So I’m back to regularly bringing Saturday night dinners to Mrs. S. at the nursing home. While I long ago gave up on cooking for her from Fannie Farmer (Ms. Fannie’s recipes being a bit too unreliable for my taste), I do try to cook foods that are familiar to Mrs. S., who also enjoys occasional take out from Brick Oven Pizza (who around here doesn’t?) and random mid-week visits with coffee and donuts from Blue Duck Bakery (again, who wouldn’t?)
One of the reasons (I think) that the S’s marriage lasted truly ’til death did them part was that they both loved to please the other. And food was a big part of that love language. When Mr. S retired from working, he decided that they’d eat many of their dinners in restaurants so that Mrs. S could ‘retire,’ too–his way of thanking her for the decades of excellent meals which he spoke well of pretty much to his dying day.
But whereas Mr. S was usually forthcoming with what he liked and didn’t like, Mrs. S has always been much quieter. So much so, that a few weeks ago, I had to pry her dessert request out of her.
(I don’t always ask her what she wants. Just sometimes.)
Me: What do you want for dessert next week? Whatever you ask for, I’ll make it.
Edie: Brownies are the easiest.
Me: I don’t want to do what’s easiest! I want to do what you want.
Edie: I don’t know if I should say.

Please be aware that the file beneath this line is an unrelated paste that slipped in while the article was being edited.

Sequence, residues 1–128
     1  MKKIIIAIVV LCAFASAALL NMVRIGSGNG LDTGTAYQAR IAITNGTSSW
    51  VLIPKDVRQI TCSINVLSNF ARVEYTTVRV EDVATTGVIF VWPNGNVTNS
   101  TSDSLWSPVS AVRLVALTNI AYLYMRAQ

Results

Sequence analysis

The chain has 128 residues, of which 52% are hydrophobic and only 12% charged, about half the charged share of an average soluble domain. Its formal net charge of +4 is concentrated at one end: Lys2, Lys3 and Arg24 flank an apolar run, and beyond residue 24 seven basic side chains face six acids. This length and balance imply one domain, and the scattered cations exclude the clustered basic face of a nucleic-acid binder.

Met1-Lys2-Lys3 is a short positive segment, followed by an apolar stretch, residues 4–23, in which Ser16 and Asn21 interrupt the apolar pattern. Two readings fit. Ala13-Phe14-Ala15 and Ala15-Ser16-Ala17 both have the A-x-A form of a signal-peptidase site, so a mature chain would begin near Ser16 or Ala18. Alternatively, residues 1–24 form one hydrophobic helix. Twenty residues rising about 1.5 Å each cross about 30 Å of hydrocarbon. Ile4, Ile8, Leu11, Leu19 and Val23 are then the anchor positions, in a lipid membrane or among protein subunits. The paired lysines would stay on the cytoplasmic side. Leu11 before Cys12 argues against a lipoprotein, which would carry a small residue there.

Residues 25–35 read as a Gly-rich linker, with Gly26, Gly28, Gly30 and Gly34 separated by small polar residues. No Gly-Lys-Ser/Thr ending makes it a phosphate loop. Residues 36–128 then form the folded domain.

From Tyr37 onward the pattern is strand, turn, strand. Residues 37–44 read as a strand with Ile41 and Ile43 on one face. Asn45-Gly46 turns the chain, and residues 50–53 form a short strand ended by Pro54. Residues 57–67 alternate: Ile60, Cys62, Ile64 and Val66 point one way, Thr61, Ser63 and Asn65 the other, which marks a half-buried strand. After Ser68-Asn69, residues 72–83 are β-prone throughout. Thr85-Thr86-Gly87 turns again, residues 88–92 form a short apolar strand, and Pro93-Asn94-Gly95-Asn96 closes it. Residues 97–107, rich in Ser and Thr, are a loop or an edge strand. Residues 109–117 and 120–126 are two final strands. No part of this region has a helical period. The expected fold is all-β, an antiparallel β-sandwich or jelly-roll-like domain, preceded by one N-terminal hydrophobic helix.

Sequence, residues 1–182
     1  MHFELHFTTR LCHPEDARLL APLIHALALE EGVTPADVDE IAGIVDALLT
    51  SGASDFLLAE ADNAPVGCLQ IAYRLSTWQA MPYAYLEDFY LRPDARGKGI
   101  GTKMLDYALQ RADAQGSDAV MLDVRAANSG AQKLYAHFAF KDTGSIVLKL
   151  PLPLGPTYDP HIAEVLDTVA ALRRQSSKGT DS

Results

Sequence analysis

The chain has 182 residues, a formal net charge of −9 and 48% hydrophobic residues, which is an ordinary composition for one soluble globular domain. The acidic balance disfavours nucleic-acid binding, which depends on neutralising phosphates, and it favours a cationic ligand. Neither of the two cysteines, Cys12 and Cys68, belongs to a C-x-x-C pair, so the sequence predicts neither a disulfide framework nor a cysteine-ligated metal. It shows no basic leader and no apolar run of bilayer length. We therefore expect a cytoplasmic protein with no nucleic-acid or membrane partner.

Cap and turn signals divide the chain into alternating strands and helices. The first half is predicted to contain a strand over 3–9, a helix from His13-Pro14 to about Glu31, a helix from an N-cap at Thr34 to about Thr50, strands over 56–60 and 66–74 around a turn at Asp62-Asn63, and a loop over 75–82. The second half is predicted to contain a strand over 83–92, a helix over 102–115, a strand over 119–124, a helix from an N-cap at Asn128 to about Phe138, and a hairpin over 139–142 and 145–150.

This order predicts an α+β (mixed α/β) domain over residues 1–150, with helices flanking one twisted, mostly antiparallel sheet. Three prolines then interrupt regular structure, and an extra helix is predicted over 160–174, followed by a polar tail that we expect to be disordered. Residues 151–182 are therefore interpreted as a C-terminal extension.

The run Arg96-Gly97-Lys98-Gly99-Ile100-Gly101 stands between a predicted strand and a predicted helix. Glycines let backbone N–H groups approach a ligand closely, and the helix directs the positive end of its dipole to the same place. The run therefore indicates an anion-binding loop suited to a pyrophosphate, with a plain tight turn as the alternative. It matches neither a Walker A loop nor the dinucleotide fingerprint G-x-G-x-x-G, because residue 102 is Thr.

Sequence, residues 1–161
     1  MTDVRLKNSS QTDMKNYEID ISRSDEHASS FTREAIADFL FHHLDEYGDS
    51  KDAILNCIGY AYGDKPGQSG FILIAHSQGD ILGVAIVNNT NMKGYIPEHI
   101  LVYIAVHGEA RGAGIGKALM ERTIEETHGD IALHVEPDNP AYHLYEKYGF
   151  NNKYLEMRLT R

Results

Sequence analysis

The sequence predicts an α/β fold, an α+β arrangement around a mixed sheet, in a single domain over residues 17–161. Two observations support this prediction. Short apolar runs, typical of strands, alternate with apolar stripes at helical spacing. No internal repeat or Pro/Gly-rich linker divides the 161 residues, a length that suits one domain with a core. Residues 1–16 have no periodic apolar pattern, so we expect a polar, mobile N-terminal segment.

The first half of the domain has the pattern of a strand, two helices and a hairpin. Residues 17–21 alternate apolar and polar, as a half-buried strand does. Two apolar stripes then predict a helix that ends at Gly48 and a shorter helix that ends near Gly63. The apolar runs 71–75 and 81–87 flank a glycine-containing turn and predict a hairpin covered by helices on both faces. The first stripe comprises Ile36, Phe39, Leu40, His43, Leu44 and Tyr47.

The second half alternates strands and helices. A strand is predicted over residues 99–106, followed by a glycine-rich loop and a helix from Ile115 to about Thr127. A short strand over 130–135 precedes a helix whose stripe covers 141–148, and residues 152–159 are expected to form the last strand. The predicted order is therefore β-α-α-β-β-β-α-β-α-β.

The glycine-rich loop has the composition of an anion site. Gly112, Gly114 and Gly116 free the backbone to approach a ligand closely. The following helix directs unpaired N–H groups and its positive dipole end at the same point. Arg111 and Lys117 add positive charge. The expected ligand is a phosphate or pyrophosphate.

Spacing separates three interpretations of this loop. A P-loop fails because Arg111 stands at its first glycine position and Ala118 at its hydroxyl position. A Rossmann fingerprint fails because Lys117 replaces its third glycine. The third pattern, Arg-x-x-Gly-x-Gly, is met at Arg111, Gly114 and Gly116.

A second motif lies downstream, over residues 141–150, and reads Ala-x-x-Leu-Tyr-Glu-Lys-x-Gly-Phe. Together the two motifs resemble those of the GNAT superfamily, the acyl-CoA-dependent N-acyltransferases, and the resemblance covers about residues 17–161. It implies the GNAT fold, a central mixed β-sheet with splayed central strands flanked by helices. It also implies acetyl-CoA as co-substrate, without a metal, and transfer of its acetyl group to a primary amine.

Me: Mousse? Pie? Any kind of pie? Rice pudding?
Edie: No, not rice pudding…they give us that a lot here, and it doesn’t taste homemade.
Me: Tell me what you want!
Edie: says nothing, looks away, ashamed.
Me: (thinking: what is she possibly thinking of? A cake out of which Chippendales pop?)
Edie: (uncomfortably) I’d like a chocolate layer cake. With chocolate frosting.
Me: (thinking: is that all? Finally!)
And so on Saturday morning, I pulled out my stand mixer, made a terrific mess:
and a classic chocolate layer cake from The Cook’s Illustrated Cookbook:
To tell the truth, I’m not altogether sure that Mrs. S even remembered asking for the chocolate layer cake. And her appetite was smaller than usual, so she ended up eating only half of it. But neither of those things matters.
What matters to me is that she was able, finally, to admit her secret desire, and that, by God’s grace, I was able to meet it.
I’m still trying to figure out why that feels important, right and good.
Maybe it’s because I read somewhere that American women are embarrassed to buy candy bars.
Maybe it’s because I grew up in a tradition that taught that all (or at least most) desires are evil and not to be fulfilled.
Maybe it’s because admitting desires takes trust and facilitates closeness.
What do you think? Did you grow up in a tradition that taught you to be suspicious of desires? When have you experienced freedom and pleasure in admitting what you want?